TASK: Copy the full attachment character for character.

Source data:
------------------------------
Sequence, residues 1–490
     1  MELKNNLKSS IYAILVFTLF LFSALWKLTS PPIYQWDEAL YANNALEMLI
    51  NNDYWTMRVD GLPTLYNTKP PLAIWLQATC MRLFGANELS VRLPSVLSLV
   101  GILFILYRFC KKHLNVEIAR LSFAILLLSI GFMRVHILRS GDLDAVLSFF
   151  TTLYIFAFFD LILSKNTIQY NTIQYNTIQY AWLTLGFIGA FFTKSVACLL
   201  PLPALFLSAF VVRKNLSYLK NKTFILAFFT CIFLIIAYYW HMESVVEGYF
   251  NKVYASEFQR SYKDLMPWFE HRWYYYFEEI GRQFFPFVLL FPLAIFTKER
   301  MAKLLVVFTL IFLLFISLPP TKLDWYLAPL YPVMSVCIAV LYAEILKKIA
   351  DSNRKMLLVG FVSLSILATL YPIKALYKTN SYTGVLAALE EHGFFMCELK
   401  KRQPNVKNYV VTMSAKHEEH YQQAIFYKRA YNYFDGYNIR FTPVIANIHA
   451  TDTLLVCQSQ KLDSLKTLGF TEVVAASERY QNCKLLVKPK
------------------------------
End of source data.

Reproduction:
Sequence, residues 1–490
     1  MELKNNLKSS IYAILVFTLF LFSALWKLTS PPIYQWDEAL YANNALEMLI
    51  NNDYWTMRVD GLPTLYNTKP PLAIWLQATC MRLFGANELS VRLPSVLSLV
   101  GILFILYRFC KKHLNVEIAR LSFAILLLSI GFMRVHILRS GDLDAVLSFF
   151  TTLYIFAFFD LILSKNTIQY NTIQYNTIQY AWLTLGFIGA FFTKSVACLL
   201  PLPALFLSAF VVRKNLSYLK NKTFILAFFT CIFLIIAYYW HMESVVEGYF
   251  NKVYASEFQR SYKDLMPWFE HRWYYYFEEI GRQFFPFVLL FPLAIFTKER
   301  MAKLLVVFTL IFLLFISLPP TKLDWYLAPL YPVMSVCIAV LYAEILKKIA
   351  DSNRKMLLVG FVSLSILATL YPIKALYKTN SYTGVLAALE EHGFFMCELK
   401  KRQPNVKNYV VTMSAKHEEH YQQAIFYKRA YNYFDGYNIR FTPVIANIHA
   451  TDTLLVCQSQ KLDSLKTLGF TEVVAASERY QNCKLLVKPK